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13:15 - 13:55 31 January 2012
Lunch Hour Lecture: The lure of the Kremlin: the court of Ivan the Terrible and global networks in the sixteenth century
Darwin Lecture Theatre - accessed vial Malet Place |
access via Malet Place | London | WC1E 6BT | United Kingdom
Admission: Free and open to anyone on a first-come first-served basis. Lectures are also streamed live online or can be downloaded after the event.
Dr Sergei Bogatyrev, Senior Lecturer in Early Russian History, SSEES, UCL, , Sergei Bogatyrev received his PhD from the University of Helsinki. He has worked as a lecturer in the University of Helsinki and has held research fellowships at the Slavonic Library (Helsinki), the University of Joensuu (eastern Finland) and the British Academy. He was appointed Lecturer in Early Russian History at SSEES, UCL in 2003 and Senior Lecturer in 2007. He is an associate editor of Kritika. Explorations in Russian and Eurasian History, an editor-in-chief of the Brill Eurasian Studies Library and an editor of H-EarlySlavic.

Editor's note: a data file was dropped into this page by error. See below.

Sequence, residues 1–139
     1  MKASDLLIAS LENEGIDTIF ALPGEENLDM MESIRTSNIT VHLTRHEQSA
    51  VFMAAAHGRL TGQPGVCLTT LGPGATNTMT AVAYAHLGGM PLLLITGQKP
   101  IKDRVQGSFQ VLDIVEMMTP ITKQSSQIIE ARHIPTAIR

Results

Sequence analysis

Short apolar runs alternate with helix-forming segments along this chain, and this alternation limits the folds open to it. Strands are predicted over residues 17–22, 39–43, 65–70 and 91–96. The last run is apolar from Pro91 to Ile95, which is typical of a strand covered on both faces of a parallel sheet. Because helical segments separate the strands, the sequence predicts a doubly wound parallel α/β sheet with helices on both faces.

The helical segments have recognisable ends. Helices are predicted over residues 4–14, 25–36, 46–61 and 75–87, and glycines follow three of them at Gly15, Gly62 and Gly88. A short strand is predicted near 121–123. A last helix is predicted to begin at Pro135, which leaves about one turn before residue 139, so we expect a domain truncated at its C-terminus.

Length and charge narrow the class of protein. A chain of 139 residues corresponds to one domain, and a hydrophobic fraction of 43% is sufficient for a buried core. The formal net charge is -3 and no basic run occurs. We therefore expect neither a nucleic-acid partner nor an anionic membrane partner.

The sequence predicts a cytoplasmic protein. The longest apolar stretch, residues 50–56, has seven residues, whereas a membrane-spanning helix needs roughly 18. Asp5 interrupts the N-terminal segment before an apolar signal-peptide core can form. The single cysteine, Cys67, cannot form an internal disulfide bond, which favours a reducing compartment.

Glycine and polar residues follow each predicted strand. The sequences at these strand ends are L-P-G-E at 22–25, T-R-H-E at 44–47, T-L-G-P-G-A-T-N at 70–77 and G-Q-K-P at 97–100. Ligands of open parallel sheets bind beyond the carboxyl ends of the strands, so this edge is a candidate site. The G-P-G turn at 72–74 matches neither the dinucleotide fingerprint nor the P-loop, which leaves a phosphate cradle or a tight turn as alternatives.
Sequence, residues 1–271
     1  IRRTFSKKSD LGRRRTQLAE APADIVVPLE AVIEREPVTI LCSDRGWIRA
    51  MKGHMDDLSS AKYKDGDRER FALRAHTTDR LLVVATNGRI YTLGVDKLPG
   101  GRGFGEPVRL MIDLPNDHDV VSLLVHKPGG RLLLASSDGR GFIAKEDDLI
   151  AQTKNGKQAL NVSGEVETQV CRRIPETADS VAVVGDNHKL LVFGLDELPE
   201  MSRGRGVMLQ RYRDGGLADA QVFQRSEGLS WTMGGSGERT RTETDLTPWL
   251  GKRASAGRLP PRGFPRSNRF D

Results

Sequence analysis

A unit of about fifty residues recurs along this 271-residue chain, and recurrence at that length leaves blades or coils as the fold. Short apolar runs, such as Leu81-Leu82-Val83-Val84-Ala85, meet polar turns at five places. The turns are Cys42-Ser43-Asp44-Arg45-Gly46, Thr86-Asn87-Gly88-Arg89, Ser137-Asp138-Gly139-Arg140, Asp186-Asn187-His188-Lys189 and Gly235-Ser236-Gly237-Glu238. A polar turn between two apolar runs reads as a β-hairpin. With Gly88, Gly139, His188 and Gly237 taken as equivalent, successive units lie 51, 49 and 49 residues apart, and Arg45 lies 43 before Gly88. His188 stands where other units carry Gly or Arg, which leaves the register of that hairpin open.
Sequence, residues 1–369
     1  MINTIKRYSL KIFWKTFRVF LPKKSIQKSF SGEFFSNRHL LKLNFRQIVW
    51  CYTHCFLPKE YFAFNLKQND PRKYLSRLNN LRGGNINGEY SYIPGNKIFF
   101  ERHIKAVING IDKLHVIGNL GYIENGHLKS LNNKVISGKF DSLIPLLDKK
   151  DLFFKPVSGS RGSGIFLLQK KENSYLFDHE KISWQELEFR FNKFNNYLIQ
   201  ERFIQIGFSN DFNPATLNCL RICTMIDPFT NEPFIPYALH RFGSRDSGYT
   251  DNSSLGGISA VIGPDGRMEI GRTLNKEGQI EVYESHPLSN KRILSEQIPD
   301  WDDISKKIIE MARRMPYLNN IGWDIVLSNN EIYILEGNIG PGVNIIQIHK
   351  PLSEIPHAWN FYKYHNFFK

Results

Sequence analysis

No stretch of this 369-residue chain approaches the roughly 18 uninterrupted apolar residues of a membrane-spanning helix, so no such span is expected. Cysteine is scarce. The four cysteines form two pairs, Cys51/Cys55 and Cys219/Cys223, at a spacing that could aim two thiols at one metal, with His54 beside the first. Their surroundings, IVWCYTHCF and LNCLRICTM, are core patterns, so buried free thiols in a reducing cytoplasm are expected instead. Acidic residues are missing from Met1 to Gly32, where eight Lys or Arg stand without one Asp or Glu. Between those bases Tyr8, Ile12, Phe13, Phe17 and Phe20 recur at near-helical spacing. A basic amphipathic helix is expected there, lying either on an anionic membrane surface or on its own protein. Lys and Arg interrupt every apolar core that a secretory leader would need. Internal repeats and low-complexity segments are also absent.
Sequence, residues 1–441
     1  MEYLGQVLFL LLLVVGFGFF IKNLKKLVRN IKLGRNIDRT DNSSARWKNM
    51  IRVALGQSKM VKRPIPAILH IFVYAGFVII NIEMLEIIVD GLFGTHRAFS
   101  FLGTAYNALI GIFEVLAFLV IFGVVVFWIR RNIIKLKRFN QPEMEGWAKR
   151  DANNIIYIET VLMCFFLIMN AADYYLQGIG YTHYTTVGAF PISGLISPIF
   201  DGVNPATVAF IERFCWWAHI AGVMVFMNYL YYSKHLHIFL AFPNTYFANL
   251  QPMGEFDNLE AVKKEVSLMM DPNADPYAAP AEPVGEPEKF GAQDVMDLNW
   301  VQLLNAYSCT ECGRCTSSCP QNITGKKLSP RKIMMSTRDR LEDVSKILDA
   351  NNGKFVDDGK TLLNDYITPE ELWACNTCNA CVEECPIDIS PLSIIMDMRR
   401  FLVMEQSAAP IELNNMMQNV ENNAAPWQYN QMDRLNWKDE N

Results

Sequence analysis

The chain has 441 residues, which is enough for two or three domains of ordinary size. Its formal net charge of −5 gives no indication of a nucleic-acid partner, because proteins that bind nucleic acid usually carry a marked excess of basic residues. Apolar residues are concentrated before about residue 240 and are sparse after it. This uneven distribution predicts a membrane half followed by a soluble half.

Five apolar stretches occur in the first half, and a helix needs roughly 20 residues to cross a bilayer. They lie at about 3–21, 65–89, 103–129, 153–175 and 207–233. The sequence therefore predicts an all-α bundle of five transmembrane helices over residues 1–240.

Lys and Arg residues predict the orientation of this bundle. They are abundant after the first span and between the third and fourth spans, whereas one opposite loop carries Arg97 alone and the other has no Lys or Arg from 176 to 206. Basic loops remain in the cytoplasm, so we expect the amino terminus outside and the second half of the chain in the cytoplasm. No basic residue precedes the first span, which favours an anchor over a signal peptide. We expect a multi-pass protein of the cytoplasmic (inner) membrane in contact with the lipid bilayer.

In the sixteenth century, the rise of Muscovy was accompanied by military aggression and the growing influence of the Russian Orthodox Church. As a result of military conflicts and cultural differences, Westerners began to see Russia as a barbarian kingdom, whose rulers kept it locked away from the outside world. However, this lecture will demonstrate that the court of Ivan the Terrible (1530-1584) and other tsars was actually a focus point of exchange in technology, commodities and ideas with both the East and the West, and that Muscovite regalia, court rituals and illuminated manuscripts were in fact a result of intensive global interactions.
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